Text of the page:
Commentary by Danielle Wilson
Sometimes I just don’t want to be needed. Maybe it’s the holidays, but I am literally about to shiv the next person who asks for breakfast, a back rub, help with homework, or anything that involves me and/or my superhuman, Jane-of-all-trades capabilities. Being a mom is exhausting.
A large part of this feeling is the nature of being an educator. Teaching high school means I’m basically a surrogate parent to 180 of our future leaders. It’s taxing to say the least, especially on tests days when 123 of them realize they have no idea what I’ve been talking about for the last week and they all come for help at 7 a.m. I’m a good enough actress to proceed with patience, but on the inside, I’m questioning the world’s chance of survival when this lot’s in charge. (Kidding! You’re all brilliant!)
After a day of helping everyone else’s teenagers, I go home to my four who’ve been left to their own devices for at least an hour. My oldest daughter asks me to listen as she talks stream-of-conscience about her emotions. My youngest begs for help with math and laundry. My oldest just wants me to make him “food.” And my middle son sits so quietly while he plays games on his phone that working-mom guilt compels me to ask if I can do anything for him. Argh!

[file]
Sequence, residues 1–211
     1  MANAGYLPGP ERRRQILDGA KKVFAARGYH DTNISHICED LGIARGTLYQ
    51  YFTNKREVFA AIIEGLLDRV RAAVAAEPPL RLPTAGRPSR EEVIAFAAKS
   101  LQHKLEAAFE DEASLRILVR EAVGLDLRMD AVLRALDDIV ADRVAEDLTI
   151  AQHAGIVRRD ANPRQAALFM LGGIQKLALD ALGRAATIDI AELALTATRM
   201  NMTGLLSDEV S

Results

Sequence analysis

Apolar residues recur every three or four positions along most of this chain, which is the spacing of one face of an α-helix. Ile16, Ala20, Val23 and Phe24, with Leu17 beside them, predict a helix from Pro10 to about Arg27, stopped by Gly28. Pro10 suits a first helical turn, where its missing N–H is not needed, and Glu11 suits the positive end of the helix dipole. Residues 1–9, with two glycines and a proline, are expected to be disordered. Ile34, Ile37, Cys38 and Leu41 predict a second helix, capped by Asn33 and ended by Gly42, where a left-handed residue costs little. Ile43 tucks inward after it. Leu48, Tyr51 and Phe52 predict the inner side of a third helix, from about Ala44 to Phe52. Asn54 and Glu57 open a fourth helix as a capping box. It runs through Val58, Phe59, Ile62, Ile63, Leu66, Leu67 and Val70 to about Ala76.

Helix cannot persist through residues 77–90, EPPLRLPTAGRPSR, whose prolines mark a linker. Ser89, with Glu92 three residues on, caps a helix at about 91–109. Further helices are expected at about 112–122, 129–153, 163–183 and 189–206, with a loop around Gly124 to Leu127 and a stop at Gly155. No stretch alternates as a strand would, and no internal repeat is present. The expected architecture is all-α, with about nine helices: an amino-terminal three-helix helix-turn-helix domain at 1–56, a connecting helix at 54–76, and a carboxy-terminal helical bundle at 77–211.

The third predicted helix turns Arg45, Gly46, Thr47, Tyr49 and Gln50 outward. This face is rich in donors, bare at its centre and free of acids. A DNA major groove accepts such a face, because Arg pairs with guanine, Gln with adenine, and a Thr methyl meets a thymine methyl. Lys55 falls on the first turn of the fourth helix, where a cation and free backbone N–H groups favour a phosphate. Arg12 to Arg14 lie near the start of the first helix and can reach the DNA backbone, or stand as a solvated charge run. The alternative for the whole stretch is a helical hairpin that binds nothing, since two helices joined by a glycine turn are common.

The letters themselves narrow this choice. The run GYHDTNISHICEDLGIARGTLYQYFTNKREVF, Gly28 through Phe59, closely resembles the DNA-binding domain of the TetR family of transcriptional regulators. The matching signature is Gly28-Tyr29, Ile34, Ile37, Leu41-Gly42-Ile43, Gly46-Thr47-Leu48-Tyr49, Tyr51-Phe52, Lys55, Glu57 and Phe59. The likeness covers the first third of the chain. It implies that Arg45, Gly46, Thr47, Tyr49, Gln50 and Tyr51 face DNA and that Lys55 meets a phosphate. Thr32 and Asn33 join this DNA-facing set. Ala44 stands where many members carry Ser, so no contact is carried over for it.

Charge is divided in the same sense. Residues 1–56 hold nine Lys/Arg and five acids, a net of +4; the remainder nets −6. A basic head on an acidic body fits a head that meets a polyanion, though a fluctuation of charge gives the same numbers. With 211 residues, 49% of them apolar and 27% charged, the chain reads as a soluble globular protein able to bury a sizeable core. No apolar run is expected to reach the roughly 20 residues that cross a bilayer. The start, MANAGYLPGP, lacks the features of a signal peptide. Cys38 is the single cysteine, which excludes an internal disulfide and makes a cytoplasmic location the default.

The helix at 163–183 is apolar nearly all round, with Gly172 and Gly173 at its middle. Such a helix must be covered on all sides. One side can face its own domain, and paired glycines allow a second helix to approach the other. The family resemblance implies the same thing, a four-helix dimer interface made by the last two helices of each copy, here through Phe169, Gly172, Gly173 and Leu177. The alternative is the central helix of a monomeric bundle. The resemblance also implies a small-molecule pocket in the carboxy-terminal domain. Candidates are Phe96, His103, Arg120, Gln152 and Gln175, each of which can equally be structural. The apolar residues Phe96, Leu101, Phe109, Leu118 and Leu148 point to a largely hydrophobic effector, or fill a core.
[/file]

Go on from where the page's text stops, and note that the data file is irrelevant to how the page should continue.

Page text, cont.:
But I don’t want to do any of this. What I want is to lock myself in my bedroom and zone out on Drunk History. I don’t want to plan dinner or run to the grocery or pick anyone up from [enter your sport here]practice. And I sure as shoot don’t want to play the good wife to my husband, who can often be needier than the kids! “Will you please rub my feet/grab my dry cleaning/watch Top Gear with me?” No!
But of course I do. Because that’s what it means to be a spouse, mother, and/or teacher. We answer the call even when we don’t want to. And on that note, I must go. Someone needs me! Peace out.